Hi, here’s my bio of where I started my journey to be doing what I am today a physiotherapist, bio-mechanical geek, a postural obsessed self professed expert, clinical pilates instructor and somatic movement educator. I’m also a businesswoman, a wife and a full-time mother of three. I’m not sure which is the most work.
I have over a decade’s experience with pelvic floor and lower back troubles. In that time I’ve repeatedly witnessed amazing improvements in the strength, posture, movement and well being of women who have made the connection between mind and body.
I love helping women lead healthy, energetic and passionate lives through a unique blend of Pilates, Mindfulness Movement and Physiotherapy.
- Additional Qualifications and Courses
- Healing Massage and Aromatherapy Diploma 2001
- Hot Stone Massage 2002
- Pain Management 2005
- Hands free massage 2006
- Explain Pain, Lorimer Mosley 2006
- Internal Derangement of the Knee 2006
- Physiotherapy BSc (HONS) 2007
- Musculoskeletal Trigger Points 2007
- Statistics 2007
- APPI Pilates Mat 1 2007
- APPI Pilates Mat 2 2008
- Foundation in Acupuncture for Pain 2008
- Biomechanics in Low back Pain 2008
- Manual therapy in the Cervical spine 2009
- Manual therapy in the Thoracic spine 2010
- Acupuncture for Headaches 2011
- APPI Ante & Post Natal Pilates 2012
- Myofascial Pain 2014
- Acupuncture & Musculoskeletal Pain 2015
As Chartered Physiotherapists we receive a scientific based university 4 year training within a hospital setting. I underwent over 1000 hours hospital based training in all areas of Physiotherapy; cardio-respiratory, neuro-rehab, paediatrics, geriatrics, musculoskeletal and women’s health. Just like a junior doctor, physiotherapists rotate departments in a hospital setting as part of their early career.Most then choose a preferred area and go to specialise. Unlike physical therapists (UK & Ireland) who do not under go university led courses and have no training in a medical setting. Physiotherapists are regulated by the ISCP. Physical therapists are unregulated.
To maintain the high standard of training and professionalism within the Physiotherapy profession a clear line of merit must be drawn by the Irish government. It is like a police officer being likened to a post man. The level of training is not comparable. This is very confusing for the general public as it seems both professions are the same.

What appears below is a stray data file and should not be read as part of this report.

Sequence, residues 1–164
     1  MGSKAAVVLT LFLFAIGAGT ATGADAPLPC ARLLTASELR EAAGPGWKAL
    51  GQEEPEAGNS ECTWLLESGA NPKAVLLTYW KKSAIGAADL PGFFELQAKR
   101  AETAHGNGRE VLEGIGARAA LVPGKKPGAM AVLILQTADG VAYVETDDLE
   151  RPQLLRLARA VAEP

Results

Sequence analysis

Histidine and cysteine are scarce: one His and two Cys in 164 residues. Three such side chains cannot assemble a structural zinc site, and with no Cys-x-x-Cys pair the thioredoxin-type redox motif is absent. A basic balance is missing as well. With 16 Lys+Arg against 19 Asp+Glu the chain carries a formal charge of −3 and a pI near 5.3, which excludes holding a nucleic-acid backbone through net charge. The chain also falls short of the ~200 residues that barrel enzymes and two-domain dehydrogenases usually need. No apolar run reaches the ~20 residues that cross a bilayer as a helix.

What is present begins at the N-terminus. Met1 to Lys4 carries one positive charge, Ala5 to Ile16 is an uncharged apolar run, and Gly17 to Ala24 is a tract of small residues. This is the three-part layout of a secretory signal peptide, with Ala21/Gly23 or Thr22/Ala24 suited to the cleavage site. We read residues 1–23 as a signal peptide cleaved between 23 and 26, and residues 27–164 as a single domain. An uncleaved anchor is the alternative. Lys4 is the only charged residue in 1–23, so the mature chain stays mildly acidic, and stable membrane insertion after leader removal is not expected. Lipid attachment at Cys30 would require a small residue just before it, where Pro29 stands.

My area of expertise is musculoskeletal, biomechanics and women’s health.
Physiotherapists are experts is posture analysis, in depth analysis of the biomechanics of the body. Alongside a detailed medical history this paints a picture that you can use to change and re learn movements that will leave you feeling pain free and aligned, in control. This assessment and treatment is something everyone should have available to them. I’m excited to be able to offer you this expert analysis on my website. I will show you how you can gain control of muscle again, a child like reconnection with the body requires lengthening of shortened tight muscles and a mobility that begins with the middle of the body – the pelvis. To start a bio-mechanic assessment you will need to fill out a brief Q&A.
More on what I do
Dry needling is a common treatment technique used by Physiotherapists for pain relief in myofasical (muscular) trigger points (knots within muscle). Outcomes are overall very positive in lessening pain, tension within the muscle and referred pain symptoms (pins and needles, headache, shoulder, chest and leg pain). Without effective treatment ‘trigger points’ will persist and continue to cause pain and discomfort. From a physiotherapy perspective, trigger points are a constant source of pain. Dry needling reduces local and referred pain, improves range of motion and muscle activation pattern, and alters the chemical environment of trigger points.
Pain in a muscle is caused by a reduction in blood flow because the shortened fibres of a muscle are too tight to allow free flowing blood flow, reducing oxygen to that particular part of a muscle. Dry needling works by enabling the blood flow (oxygen) to return to that part of the muscle. A qualified physiotherapist has an expert medical training in anatomy and physiology of the human body. A physiotherapist is trained in placing acupuncture (very fine) needles into the knot in the muscle (trigger point) which fires the muscle involuntarily. This is not painful, but it is best described as mini electric shock. The result is the fibres within the muscle of the shortened muscle are able to relax and lengthen to a resting state, blood supply returned to normal and pain is effectively irradicated. This process has been shown under ultrasound in many medical and scientific studies. For anymore information regarding this process or to book a session, Contact Karen 087 6728232 or email her firstname.lastname@example.org